What does sustainable tourism mean to you?

For me, it is a modus operandi of doing tourism with no excessive consumption of resources as water, land and all kinds of natural resources. Moreover, human factors are essential, for instance, the protection of the local population and the cultural heritage of that place. I would say that sustainable tourism is the is capacity of receptivity of a destination without exploring human and natural resources.

Lisbon, Miradouro Nossa Senhora do Monte. Photo by tourism-review.com
Lisbon, Miradouro Nossa Senhora do Monte. Go beyond the Inner City, photo by tourism-review.com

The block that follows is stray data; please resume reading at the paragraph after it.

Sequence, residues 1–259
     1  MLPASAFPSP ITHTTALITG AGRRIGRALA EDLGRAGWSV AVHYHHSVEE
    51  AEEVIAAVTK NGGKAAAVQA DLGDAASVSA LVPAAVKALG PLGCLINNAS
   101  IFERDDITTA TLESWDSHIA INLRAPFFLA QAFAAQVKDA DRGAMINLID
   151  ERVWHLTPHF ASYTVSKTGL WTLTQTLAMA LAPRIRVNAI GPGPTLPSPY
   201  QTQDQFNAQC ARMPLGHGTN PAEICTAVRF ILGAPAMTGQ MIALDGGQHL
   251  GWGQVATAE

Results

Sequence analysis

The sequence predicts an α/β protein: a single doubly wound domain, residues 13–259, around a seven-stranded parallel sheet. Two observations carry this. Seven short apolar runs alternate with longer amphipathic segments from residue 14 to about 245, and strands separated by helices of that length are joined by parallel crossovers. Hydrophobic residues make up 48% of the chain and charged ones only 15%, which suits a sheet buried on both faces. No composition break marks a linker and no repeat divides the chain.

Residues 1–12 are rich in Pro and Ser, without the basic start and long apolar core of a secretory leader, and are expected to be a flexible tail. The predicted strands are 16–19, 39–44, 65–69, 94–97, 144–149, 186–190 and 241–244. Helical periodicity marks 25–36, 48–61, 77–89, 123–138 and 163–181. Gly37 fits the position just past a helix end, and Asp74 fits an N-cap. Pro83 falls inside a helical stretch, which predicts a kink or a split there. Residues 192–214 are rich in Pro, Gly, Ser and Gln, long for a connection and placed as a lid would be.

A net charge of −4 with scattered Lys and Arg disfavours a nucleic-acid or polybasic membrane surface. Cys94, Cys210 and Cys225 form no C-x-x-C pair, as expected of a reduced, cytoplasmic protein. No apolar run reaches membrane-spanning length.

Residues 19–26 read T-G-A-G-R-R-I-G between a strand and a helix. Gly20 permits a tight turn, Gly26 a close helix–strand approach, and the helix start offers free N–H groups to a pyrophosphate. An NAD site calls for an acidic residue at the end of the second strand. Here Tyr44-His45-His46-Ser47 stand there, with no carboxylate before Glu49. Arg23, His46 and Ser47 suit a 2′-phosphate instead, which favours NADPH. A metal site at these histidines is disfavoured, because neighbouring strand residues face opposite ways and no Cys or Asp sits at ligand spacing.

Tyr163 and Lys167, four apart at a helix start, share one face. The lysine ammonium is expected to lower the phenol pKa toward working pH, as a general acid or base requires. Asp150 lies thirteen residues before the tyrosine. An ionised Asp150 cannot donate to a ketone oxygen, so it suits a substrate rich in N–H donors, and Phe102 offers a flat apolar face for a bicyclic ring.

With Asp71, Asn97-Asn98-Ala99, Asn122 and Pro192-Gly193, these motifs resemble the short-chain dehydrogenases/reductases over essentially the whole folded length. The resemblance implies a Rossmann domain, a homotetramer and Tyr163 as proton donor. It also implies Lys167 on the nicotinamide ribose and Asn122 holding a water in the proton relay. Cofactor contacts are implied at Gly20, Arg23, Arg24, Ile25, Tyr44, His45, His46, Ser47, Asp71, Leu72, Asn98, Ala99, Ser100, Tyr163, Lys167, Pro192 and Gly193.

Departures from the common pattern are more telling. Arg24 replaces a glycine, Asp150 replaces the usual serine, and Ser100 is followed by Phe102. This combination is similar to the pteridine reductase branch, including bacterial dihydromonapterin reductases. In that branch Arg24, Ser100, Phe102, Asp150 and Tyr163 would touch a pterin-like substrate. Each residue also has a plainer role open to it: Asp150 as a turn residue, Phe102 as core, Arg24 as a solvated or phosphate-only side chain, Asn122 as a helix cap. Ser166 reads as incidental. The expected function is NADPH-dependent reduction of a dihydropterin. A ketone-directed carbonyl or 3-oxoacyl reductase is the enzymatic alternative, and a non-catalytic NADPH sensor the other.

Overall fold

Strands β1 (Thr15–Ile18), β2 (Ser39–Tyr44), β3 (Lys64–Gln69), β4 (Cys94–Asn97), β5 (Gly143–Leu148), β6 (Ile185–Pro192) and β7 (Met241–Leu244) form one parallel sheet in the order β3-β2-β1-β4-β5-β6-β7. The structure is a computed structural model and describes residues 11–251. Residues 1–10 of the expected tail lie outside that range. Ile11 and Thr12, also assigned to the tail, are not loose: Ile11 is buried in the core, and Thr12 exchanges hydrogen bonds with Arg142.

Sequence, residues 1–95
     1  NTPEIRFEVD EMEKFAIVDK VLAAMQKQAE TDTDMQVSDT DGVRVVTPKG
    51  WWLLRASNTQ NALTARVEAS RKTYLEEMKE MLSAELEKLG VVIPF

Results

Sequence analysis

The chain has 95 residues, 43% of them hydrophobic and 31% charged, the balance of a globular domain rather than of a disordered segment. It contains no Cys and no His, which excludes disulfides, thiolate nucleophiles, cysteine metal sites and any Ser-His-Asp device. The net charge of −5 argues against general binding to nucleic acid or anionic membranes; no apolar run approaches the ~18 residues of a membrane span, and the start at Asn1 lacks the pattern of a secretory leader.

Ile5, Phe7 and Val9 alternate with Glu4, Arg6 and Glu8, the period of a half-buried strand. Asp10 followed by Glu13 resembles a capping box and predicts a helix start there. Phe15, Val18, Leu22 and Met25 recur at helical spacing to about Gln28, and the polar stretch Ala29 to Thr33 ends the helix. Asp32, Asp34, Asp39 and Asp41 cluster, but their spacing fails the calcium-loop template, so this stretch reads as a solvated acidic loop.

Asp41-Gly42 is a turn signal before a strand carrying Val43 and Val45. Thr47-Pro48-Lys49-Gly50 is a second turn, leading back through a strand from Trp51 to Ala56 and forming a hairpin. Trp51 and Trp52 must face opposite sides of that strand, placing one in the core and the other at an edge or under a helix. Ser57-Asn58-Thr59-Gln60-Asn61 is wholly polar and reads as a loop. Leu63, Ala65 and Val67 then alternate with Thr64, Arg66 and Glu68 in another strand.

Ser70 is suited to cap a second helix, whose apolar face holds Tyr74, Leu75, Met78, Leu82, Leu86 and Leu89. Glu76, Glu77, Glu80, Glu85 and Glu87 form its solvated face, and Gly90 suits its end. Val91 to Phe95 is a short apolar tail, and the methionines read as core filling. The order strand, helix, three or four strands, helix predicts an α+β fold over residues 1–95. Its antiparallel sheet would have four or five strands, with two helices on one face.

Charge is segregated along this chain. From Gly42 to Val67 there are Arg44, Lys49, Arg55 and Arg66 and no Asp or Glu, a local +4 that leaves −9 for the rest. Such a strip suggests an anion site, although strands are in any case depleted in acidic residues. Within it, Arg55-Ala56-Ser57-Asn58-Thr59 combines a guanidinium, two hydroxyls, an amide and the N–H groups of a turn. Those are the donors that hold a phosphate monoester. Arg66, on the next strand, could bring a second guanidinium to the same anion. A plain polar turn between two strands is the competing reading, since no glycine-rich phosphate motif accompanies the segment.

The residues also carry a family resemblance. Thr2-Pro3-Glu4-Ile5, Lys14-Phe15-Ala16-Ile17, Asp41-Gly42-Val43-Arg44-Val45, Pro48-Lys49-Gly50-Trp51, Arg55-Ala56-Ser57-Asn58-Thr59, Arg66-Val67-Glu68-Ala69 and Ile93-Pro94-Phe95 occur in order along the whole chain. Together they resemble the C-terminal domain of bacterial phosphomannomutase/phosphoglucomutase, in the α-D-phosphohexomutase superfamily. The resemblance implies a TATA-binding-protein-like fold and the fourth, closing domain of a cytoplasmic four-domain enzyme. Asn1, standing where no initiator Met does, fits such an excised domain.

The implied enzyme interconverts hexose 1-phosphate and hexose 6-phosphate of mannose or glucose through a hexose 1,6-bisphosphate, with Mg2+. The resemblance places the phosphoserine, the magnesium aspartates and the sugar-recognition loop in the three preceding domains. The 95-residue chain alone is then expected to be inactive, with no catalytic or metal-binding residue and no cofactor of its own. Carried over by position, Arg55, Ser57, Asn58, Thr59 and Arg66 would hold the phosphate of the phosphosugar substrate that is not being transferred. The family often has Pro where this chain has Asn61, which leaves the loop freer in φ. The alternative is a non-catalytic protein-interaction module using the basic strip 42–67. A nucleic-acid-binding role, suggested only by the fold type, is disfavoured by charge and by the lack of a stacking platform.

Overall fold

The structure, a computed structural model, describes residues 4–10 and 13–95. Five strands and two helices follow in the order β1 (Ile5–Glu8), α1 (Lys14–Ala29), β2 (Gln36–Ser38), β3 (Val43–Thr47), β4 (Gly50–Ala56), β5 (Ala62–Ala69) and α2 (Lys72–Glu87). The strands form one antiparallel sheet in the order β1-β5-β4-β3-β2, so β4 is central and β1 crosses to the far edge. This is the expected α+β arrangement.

Could you give any advice to Ecobnb travellers about how to travel more sustainably in Lisbon?

I would say to travel with critical thinking about the way of own consumption habits. Avoid the main mass tourism industry channels. For example, when you stay in the accommodation, try to understand where this place comes from. Ask some questions to the person that welcome you, understand if any families were displaced in the neighbourhoods. I think it is important to be very critical about what you do.

Try to be environmentally conscious, try not to consume too much merchandise, try to be moderated in the consumption of water, be cautious with the production of garbage and waste. We should be aware of our behaviour, the impact we have on the community. If we are in the residential area, we should behave correctly, as do not make noise after a certain hour.

Save Lisbon from Mass Tourism. Photo by atig.americananthro.org
Save Lisbon from Mass Tourism. Go beyond the Inner City. Photo by atig.americananthro.org

Could you tell us some areas away from mass tourism that Ecobnb travellers could explore in Lisbon?